Officers from West Yorkshire Police have seized cannabis estimated to be worth more than £4 million after executing 50 search warrants as part of a national operation aimed at tackling organised crime groups (OCGs).

A total of 46 people were arrested for offences linked to the drugs trade as part of the campaign.

Throughout June, West Yorkshire Police located and searched the cannabis grows with the aim of unearthing and disrupting the OCGs and their illegal revenue streams.

Over 8,000 cannabis plants were seized, as well as cash, weapons and other drugs as part a nationally-coordinated campaign known as Operation Mille.

Detective Chief Inspector Jonathan Key, of West Yorkshire Police’s Programme Precision, which targets serious organised crime in the county, said:

“By going after the criminals involved in cannabis production we have disrupted their activities. This has been coordinated approach to tackling the large-scale cultivation of cannabis in West Yorkshire.

“Cultivation of cannabis which is a key source of illicit income for organised gangs. The connection between serious crime and cannabis cultivation is clear – the drugs trade fuels gang violence in our communities and leads to untold exploitation and misery.”

Operation Mille saw all 43 forces as well as Regional Organised Crime Units (ROCUs) and other partner agencies dedicate resources to target the criminal networks involved in cannabis production and other serious criminality.

The intensification period was designed to disrupt OCGs by taking out a key source of their revenue, while simultaneously apprehending many of those involved, safeguarding those being exploited, and increasing intelligence around how the networks operate.

Steve Jupp, the National Police Chiefs’ Council lead for Serious and Organised Crime, said: “We know that organised networks involved in cannabis production are also directly linked to an array of other serious criminality such as class A drug importation, modern slavery and wider violence and exploitation.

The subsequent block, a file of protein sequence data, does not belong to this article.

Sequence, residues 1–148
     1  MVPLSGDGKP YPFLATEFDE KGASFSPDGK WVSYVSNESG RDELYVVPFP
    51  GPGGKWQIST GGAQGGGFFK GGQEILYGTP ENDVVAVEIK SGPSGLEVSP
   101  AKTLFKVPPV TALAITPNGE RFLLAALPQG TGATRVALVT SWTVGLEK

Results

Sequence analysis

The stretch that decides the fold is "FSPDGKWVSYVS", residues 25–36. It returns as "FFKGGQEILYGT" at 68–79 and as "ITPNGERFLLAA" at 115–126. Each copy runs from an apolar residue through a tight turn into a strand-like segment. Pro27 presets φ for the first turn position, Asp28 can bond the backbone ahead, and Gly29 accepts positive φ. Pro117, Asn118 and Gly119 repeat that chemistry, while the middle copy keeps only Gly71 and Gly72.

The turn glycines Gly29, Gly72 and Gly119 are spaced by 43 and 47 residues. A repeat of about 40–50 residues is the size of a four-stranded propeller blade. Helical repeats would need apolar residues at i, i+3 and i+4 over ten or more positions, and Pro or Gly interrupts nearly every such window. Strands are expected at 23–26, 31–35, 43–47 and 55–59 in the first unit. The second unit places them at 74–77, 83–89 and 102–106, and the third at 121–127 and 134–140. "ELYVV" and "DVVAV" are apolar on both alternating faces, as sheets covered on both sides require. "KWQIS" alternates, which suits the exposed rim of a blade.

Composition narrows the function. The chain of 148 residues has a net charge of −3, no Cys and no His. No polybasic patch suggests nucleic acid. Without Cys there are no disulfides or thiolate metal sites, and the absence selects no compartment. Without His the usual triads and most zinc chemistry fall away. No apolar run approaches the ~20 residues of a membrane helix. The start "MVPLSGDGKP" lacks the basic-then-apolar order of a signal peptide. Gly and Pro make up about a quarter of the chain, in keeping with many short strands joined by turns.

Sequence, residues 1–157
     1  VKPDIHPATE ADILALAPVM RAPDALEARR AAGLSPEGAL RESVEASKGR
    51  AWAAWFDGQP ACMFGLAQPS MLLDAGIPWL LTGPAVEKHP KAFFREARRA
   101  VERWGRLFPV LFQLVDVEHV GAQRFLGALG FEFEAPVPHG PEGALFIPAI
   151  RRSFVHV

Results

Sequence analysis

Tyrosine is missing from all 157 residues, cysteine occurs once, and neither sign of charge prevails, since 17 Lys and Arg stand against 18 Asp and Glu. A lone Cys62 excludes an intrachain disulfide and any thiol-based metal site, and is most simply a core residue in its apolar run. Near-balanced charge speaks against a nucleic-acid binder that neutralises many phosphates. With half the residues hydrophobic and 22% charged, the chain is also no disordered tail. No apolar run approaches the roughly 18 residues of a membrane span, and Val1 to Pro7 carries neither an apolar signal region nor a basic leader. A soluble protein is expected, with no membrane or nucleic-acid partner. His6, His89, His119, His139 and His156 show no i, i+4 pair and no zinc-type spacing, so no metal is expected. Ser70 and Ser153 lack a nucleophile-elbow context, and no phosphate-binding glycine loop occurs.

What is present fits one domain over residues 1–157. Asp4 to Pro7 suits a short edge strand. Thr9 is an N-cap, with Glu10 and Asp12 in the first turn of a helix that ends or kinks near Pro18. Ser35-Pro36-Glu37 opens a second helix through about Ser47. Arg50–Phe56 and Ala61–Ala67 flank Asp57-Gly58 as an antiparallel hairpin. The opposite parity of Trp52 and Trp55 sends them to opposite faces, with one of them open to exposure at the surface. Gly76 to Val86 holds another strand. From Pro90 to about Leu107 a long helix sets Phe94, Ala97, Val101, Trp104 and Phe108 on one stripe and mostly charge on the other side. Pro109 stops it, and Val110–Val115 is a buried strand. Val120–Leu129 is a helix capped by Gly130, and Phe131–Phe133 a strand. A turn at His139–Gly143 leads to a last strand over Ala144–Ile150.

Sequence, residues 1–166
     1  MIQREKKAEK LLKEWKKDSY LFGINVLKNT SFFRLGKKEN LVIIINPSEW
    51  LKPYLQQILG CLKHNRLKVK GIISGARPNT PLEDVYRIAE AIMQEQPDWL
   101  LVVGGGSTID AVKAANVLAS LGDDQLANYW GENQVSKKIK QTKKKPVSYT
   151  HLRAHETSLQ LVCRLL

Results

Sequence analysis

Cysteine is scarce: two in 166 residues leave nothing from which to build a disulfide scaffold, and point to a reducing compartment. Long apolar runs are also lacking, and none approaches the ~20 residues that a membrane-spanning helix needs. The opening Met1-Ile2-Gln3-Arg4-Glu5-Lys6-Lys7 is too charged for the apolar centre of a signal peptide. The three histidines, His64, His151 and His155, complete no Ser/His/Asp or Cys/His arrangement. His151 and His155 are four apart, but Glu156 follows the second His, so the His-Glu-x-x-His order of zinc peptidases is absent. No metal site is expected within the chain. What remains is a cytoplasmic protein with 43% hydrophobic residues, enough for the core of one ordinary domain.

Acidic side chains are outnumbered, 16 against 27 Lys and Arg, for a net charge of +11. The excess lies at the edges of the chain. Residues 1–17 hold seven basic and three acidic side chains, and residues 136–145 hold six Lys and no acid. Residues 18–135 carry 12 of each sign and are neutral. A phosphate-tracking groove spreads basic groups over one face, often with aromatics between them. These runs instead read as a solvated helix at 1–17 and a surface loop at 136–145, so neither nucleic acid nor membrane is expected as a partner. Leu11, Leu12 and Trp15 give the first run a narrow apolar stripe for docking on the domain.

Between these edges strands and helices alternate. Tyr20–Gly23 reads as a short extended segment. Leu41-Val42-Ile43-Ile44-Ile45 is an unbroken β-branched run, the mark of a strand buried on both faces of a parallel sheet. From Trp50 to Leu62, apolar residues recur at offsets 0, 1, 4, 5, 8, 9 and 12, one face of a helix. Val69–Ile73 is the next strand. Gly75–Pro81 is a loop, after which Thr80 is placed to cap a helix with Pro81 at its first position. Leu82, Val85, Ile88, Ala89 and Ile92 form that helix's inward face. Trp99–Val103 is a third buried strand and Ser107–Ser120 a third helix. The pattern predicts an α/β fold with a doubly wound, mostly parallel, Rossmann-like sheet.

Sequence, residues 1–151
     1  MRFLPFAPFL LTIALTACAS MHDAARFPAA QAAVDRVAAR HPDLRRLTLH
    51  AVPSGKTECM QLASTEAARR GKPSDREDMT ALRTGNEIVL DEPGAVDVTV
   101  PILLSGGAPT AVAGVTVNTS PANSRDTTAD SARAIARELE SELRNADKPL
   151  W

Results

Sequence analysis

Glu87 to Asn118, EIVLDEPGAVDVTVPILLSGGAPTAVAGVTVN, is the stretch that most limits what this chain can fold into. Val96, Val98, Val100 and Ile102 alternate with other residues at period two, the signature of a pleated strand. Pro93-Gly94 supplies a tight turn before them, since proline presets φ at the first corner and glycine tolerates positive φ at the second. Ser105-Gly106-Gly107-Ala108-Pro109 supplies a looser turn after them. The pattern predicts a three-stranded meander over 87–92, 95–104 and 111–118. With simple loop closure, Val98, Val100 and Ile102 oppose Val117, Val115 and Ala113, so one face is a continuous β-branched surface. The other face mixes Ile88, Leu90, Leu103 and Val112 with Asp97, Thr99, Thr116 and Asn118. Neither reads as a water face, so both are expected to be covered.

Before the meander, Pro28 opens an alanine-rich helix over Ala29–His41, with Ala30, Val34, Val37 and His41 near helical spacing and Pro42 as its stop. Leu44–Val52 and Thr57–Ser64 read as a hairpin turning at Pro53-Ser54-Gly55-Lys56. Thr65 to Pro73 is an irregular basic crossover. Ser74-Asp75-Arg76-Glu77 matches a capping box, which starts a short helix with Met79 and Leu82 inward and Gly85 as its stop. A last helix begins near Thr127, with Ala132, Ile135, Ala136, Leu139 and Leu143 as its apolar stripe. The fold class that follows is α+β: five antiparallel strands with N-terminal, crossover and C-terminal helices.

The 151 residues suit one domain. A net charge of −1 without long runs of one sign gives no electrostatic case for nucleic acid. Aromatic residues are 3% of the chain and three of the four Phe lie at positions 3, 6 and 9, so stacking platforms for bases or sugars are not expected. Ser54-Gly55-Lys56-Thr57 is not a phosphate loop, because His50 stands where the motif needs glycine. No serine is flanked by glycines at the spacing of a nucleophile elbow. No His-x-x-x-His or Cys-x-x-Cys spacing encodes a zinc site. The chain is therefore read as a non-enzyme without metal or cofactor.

“This operation not only successfully disrupted a significant amount of criminal activity, but the intelligence gathered will also help inform future law enforcement across the country.

“Cannabis-related crime is often thought to be ‘low level’, however there are clear patterns around the exploitation and violence OCGs are using to protect their enterprises. We also frequently find that cannabis production is just one aspect of their criminal operations and that they are complicit in wider offending which blights our communities.

“Working with law enforcement colleagues in the National Crime Agency, Immigration Enforcement, the ROCU network, and a host of other partner organisations, we’ve not only been able to disrupt the criminal operations of a significant number of organised crime groups, but also increased our understanding of their other criminal activities.”

Cannabis factories also present a very real local threat

The size of criminal cannabis ‘factories’ means that damage is often caused to the properties themselves; the buildings can become dangerous as a result of fire risks, unlawful abstraction of electricity, fumes and water damage.

Anyone with information about a potential cannabis factory or drug dealing can contact their local force online or via 101.
People can also contact Crimestoppers, anonymously, on 0800 555 111 or